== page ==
Transpiration is important because it (1) transports “minerals from the soil throughout the plant,” (2) cools “the plant through evaporation,” (3) moves “sugars and plant chemicals,” and (4) maintains “cell firmness.”  Different conditions cause different amounts and rates of water loss.  “Transpiration is greatest in hot, dry (low relative humidity), windy weather.”  Most plants are able to manage the intricate balancing of photosynthesis, respiration and transpiration.

                Plants are affected greatly by their environment.  For optimal growth, plants need to be in their ideal environment.  We cannot expect desert plants to thrive in a rain forest and vice versa.  “Either directly or indirectly, most plant problems are caused by environmental stress.  In some cases, poor environmental conditions (e.g., too little water) damage a plant directly.  In other cases, environmental stress weakens a plan and makes it more susceptible to disease or insect attack.  I came to understand this fact last summer when I failed to have enough air moving throughout my greenhouse.  My plants all developed powdery mildew about mid-summer and needed special help for the rest of the season.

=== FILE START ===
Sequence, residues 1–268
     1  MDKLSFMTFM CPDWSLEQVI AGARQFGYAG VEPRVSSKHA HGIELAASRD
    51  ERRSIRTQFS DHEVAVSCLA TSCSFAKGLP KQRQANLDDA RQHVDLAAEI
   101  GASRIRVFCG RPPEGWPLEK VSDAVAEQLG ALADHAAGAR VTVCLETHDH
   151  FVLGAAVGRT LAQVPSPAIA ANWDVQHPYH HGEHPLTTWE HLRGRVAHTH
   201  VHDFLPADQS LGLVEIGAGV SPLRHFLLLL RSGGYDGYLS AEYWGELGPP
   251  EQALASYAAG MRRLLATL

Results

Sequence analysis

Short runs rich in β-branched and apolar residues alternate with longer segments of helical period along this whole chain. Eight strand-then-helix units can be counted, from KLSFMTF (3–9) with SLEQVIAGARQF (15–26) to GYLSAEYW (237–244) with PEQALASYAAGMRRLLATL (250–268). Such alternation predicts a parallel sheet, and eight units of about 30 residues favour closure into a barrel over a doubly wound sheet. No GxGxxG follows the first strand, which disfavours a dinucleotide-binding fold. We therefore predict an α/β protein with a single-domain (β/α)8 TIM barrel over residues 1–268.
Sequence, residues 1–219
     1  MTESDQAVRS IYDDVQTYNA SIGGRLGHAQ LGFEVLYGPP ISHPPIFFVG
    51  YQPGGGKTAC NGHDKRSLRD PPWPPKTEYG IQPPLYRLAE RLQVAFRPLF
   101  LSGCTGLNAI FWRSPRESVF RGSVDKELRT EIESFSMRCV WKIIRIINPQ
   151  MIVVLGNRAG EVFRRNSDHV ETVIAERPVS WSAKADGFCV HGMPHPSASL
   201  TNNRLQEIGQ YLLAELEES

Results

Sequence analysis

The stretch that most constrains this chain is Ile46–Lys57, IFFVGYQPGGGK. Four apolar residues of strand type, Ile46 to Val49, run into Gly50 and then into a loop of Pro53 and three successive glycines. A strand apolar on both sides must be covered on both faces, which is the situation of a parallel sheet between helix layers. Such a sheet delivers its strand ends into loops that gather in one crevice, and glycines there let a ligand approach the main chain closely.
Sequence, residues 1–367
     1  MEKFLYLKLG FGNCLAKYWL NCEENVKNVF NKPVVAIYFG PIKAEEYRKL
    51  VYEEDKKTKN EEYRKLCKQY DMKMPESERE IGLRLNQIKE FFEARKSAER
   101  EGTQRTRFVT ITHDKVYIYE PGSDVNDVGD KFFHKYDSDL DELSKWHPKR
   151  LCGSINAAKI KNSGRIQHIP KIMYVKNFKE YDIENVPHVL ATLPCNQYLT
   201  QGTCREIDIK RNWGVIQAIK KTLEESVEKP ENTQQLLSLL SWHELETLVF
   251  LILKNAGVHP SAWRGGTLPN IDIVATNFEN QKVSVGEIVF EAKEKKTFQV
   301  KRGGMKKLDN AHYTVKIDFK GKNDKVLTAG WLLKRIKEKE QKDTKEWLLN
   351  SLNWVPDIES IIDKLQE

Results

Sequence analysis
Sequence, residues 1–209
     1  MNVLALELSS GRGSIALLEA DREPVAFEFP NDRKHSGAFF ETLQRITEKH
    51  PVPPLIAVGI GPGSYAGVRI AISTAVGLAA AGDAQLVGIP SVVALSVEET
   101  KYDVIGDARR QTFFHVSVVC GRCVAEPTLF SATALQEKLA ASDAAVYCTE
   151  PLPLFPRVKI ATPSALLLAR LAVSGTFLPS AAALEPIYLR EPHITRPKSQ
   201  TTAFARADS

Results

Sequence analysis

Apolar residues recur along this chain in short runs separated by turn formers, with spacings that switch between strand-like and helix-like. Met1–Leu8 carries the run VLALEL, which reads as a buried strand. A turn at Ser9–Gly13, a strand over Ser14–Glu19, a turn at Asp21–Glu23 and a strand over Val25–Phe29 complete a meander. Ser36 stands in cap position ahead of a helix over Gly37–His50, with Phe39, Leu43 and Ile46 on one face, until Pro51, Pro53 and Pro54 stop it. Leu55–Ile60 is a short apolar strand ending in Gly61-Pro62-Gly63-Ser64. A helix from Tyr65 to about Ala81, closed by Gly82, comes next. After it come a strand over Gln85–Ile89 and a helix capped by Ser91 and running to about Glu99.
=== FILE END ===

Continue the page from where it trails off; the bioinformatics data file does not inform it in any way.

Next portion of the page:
Plants are affected by light, temperature, water, humidity, and nutrition.  Problems arise with too little or too much of any of these factors.  Quantity (how much), quality (what type) and duration (how long) of light affects plant growth.  Quantity is the intensity of the light and varies with the seasons – with summer having the maximum amount of light.  Quality refers to the color or wavelength of the light.  “Sunlight supplies the complete range of wavelengths and can be broken up by a prism into bands of red, orange, green, blue, indigo and violet.”  Duration is known as photoperiod and “refers to the amount of time a plant is exposed to light.  Photoperiod controls flowering in many plants.”  Plants are classified as short-day (long-night), long-day (short-night), or day-neutral depending on their needs.  Flowering and other responses in plants are triggered by the “length of uninterrupted darkness,” a critical component of floral development.